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Lawyer among 4 charged in theft of 2 Porsche 911s

An attorney, an auto salvage business owner and an auto repair business owner — all from Butler County — and a businessman from Allegheny County have been charged in connection with the alleged theft of two Porsche 911s.

Cranberry Township police filed charges against Ian Edward McGee, 46, of Cranberry Township, who owns auto salvage business Lucky Auto Recovery; attorney Kelton Merrill Burgess, 50, of Valencia; Domenic Joseph Petitta, 52, of Cranberry Township, who owns auto repair shop Domenic Import Service of Pittsburgh; and Kyrk Andrew Pyros, 55, of Pittsburgh, who owns Allegheny Crane Rental in Pittsburgh.

According to affidavits filed by police, the owner of a 1989 Porsche 911 coupe and a 1991 Porsche 911 convertible died in August 2015, and her daughter, who became the executor of her mother’s estate, obtained possession of the cars and other property.

The daughter, who lives in Florida, had the cars taken to John Raysich Porsche, her mother’s mechanic in Bridgeville. After the shop owner died, his son took over the business, which failed.

Pyros, a family friend, agreed to help return vehicles remaining at the shop, including the Porsches, to their respective owners, but he never contacted the daughter, according to an affidavit.

After learning that he could not own the vehicles because they were titled in someone else’s name, Pyros contacted Burgess, his estate attorney, who told him he could abandon the vehicles and then have a salvor sell them back to him, according to an affidavit.

Pyros allegedly moved the Porsches to another property he owned and contacted McGee to start the process of having the cars salvaged, even though all parties involved knew the cars held significant value and actually were owned by someone, according to an affidavit.

McGee towed the Porsches to an unknown location and put a fictitious address on the towing receipt in an attempt to deceive investigators and not connect the cars to Pyros, whose intention was to acquire the cars, according to an affidavit.

McGee submitted Pennsylvania Department of Transportation forms for taking possession of abandoned vehicles to township police, but those forms have to be filled out by police in the jurisdiction where the vehicles were abandoned, according to the affidavit.

“This would be Bridgeville if the vehicles were actually abandoned, but they were not; they were sent there for work. They were then moved and could not ever be abandoned at that point as outlined in the Salvor Law,” police said in one of the affidavits.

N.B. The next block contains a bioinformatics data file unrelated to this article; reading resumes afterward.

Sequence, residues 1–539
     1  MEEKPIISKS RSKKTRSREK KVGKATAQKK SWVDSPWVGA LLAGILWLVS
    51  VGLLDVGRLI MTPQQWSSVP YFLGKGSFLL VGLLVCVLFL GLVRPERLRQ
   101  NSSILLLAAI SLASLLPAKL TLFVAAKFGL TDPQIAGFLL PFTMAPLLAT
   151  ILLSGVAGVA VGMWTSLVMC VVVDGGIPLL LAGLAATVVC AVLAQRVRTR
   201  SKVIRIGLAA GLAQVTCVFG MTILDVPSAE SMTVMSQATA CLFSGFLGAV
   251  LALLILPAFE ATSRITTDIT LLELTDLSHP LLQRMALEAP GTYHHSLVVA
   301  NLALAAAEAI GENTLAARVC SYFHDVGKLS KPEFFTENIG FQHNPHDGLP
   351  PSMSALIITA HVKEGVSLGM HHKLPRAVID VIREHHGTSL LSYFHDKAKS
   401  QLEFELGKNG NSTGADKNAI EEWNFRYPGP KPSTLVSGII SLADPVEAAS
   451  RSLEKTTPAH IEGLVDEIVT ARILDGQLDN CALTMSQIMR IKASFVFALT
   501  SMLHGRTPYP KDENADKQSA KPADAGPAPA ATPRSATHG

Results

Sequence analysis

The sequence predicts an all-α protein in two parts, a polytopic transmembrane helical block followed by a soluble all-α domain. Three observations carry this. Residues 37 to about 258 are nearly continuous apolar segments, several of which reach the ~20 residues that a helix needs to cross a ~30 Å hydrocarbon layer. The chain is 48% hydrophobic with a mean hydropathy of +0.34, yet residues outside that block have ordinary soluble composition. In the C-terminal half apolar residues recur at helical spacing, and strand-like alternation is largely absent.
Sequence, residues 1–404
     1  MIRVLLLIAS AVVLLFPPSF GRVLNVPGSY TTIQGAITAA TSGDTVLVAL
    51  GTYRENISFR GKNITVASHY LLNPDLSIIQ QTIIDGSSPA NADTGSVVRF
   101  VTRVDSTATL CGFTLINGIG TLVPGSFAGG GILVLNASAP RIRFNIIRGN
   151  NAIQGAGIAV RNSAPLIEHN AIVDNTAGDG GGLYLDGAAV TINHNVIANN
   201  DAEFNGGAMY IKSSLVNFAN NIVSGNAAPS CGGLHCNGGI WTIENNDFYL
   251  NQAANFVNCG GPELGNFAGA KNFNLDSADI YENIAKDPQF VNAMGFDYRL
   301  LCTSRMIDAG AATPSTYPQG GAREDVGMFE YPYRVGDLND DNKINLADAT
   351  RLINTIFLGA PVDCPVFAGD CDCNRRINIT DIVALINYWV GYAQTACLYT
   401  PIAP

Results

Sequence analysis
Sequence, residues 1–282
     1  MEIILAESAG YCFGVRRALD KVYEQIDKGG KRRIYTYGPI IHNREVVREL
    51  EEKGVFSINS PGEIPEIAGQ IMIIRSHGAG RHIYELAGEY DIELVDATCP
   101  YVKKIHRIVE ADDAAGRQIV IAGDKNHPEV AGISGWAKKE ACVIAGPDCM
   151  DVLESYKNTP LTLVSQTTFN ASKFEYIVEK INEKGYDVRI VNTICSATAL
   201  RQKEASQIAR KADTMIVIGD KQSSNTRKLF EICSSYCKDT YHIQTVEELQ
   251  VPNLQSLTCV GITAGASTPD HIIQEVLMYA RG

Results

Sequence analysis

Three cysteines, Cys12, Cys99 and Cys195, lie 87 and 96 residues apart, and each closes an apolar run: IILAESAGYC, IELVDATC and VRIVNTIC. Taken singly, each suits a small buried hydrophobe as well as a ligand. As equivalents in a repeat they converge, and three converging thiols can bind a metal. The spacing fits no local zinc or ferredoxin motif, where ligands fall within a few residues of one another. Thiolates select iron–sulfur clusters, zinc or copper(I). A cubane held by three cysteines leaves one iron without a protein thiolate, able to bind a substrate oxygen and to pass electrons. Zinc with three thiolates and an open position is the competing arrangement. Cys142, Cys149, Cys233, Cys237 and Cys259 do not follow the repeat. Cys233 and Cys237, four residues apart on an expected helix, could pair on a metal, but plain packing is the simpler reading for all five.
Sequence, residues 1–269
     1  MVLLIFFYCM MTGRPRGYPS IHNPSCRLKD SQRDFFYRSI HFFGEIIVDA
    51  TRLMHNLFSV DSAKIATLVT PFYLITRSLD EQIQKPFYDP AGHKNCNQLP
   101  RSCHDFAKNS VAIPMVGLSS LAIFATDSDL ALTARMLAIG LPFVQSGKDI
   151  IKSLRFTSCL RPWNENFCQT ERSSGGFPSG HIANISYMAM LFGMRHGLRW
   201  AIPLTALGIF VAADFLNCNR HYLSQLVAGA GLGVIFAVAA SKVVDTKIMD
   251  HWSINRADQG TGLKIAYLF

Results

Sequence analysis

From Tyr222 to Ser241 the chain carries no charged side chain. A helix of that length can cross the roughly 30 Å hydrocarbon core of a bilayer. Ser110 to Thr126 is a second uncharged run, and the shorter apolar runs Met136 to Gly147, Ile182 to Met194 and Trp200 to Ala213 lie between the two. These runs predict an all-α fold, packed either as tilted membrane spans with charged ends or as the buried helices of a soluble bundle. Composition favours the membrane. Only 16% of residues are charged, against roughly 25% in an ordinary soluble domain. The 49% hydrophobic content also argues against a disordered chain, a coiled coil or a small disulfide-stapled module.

On Dec. 30, 2021, a township police investigator talked to the officer who signed the forms for both Porsches in January 2019. The officer mistakenly gave the forms to McGee to fill out, according to the affidavit. The sections on the forms for the value of the vehicles and the damages to the vehicles were most likely filled out by McGee, according to an affidavit.

Neither car should have been designated as a salvage vehicle because they didn’t need substantial repairs, according to an affidavit.

McGee did not have a set storage fee for vehicles as is required by law, but he set the fee for the 1989 Porsche at $26,614 and at $37,490 for the 1991 Porsche without notifying the owner, according to an affidavit.

A vehicle owner must be made aware that their vehicle was towed and stored in order for a fee to be charged. Those fees are required to be posted, according to an affidavit.

The sale of the 1989 Porsche for $24,150 and the sale of the 1991 car for $8,150, minus the total towing fees of $1,064.46 would have resulted in a total profit of $31,235.54, which should have been submitted to PennDOT, according to the complaint.

In addition, the complaint said McGee falsified records and did not keep correct or current records for seven other vehicles not related to this case.

McGee was charged in June with two counts of forgery, two counts of theft by deception, two counts of theft by failing to make required disposition of funds, three counts of tampering with records, one count of conspiracy to commit theft by deception, two counts of statement under penalty and 10 counts of investigation/records.

Petitta told police he bought the 1991 Porsche from Burgess for $8,150 on the same day Burgess bought it from Lucky Auto Recovery, and Burgess paid $3,500 for the car and gave McGee $4,650 worth of legal services in exchange for the vehicle, according to an affidavit. Petitta was charged with receiving stolen property.

Burgess was charged with conspiracy to commit theft by deception. Pyros was charged with conspiracy to commit theft by deception and receiving stolen property.

“Mr. Pyros is an innocent man. He’s a well-respected businessman and member of the community. He did not commit the crimes alleged or any other crimes. He did not conspire with anyone. He did not knowingly receive stolen property,” said his attorney, Christopher Capozzi of Pittsburgh.

“He was a bona fide purchaser for value of a motor vehicle from a licensed salvor, Lucky Auto Recovery, Towing & Transport in Cranberry, TWP PA. To be clear, he is the innocent purchaser of a motor vehicle who paid good, hard-earned money for it and did so without notice of any other person’s competing claim against the property,” Capozzi said.

Burgess’s attorney Thomas Will of Pittsburgh declined to comment.

Petitta and McGee could not be reached for comment.

The charges were filed at District Judge Kevin Flaherty’s office in Cranberry Township, and their preliminary hearings are scheduled for Aug. 19.